Departing whenever the 7-seater is full, this 2 hour drive will only run you about 80 dirhams. This is how the locals travel! I was lucky to meet a nice Moroccan couple who was visiting Chefchaouen for a weekend vacation. They took me to incredible hole-in-the-wall restaurants, and even found a spot where we could drink beer (which is not commonly available in Muslim countries)!
You’ll find something beautiful around every corner. It’s a photographer’s dream. You’re bound to get a solid Instagram pic, I promise. It felt like there was no end to the narrow streets and blue stairways to follow. It’s also a nice place to do a little shopping! Leather goods are of high quality and very cheap by comparison to other countries.
Reward yourself after a long hike with a delicious, salty bowl of snail soup. You can find a few street stalls around the Medina. I was hesitant to try it, but my Moroccan friends insisted, and they were totally right! It's surprisingly delicious and something fun to say you've tried. I ended up going back for more!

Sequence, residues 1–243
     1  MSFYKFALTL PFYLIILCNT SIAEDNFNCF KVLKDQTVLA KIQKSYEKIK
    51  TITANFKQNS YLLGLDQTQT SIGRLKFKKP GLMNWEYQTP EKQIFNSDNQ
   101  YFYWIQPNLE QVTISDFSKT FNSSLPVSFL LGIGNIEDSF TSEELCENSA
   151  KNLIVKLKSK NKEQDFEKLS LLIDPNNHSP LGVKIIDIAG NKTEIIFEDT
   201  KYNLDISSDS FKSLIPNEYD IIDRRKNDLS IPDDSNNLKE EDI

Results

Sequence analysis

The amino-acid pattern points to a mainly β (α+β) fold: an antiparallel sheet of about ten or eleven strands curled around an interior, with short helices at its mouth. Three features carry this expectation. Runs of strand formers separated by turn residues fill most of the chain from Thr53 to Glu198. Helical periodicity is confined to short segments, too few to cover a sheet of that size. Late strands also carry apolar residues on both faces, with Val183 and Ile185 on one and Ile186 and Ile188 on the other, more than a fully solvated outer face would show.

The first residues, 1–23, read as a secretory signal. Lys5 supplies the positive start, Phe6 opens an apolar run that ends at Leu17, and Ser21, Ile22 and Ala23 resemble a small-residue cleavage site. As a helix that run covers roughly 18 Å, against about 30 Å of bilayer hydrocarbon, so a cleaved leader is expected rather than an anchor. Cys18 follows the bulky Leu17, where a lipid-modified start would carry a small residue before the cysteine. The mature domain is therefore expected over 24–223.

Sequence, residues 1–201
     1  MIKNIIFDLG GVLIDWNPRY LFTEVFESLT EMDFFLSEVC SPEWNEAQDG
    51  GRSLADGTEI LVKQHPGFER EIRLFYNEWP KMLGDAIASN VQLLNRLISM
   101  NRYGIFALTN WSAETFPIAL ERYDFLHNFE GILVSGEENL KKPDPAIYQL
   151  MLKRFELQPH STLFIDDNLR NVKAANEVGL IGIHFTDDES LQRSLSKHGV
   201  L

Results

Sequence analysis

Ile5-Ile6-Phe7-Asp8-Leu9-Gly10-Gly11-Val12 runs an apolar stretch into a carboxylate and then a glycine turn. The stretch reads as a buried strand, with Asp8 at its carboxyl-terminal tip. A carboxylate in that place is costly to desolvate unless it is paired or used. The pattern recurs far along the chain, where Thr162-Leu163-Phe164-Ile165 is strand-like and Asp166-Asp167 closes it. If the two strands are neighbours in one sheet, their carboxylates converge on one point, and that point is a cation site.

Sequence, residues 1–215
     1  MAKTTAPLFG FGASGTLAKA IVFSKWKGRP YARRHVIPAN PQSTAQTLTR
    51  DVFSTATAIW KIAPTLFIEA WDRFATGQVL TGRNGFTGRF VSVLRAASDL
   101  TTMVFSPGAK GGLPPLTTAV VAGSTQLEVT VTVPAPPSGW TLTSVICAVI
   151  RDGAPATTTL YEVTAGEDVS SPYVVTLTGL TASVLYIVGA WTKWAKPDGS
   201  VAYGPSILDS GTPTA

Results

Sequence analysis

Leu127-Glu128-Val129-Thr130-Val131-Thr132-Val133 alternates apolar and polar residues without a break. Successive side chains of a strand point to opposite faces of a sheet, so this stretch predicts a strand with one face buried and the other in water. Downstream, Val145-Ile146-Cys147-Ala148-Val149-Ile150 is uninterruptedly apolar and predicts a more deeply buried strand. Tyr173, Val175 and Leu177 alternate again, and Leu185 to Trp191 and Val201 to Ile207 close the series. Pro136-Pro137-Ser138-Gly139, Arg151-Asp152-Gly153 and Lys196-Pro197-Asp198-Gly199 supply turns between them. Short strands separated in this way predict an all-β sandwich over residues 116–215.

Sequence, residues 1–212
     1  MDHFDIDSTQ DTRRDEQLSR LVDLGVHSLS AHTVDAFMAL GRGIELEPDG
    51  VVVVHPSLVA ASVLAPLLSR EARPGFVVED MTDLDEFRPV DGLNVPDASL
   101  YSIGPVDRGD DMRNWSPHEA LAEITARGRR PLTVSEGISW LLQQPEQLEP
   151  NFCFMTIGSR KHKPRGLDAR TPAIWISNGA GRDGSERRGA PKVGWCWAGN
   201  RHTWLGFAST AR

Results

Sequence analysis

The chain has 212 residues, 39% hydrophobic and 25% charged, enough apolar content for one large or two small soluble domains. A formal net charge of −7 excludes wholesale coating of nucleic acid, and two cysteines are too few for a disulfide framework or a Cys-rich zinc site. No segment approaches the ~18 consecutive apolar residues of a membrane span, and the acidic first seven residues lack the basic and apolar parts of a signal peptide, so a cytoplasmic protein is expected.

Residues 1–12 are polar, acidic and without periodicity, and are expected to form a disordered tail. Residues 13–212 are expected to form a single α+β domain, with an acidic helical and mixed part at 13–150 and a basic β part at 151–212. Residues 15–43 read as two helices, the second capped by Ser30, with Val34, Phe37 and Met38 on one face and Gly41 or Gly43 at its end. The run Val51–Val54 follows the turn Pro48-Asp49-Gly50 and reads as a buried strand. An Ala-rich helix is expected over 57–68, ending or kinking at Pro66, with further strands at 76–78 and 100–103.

Follow the forest-shaded trail to an epic waterfall - but wear comfortable/durable shoes! It gets pretty rocky and muddy. This is, I believe, a bit of a local's secret. Everyone else we encountered on the trail spoke Arabic, and some women were even hiking in their Jilbabs (long dresses)!
One of Morocco's signature dishes, served in a special clay pot. It's a must-try during your visit.
It echoes throughout the city, bouncing from wall to wall and out into the mountains. Best experienced on a terrace beneath the stars, and a cup of Moroccan mint tea.
A riad is defined by it's inner courtyard. Generally, a multi-story building with rooms surrounding the central courtyard will feature a pool, fountain, or at the very least, some greenery. It works as a natural cooling system for the building, even with the open roof. While rain usually puts a damper on a vacation, there's something magical about listening to the rain fall in a Riad.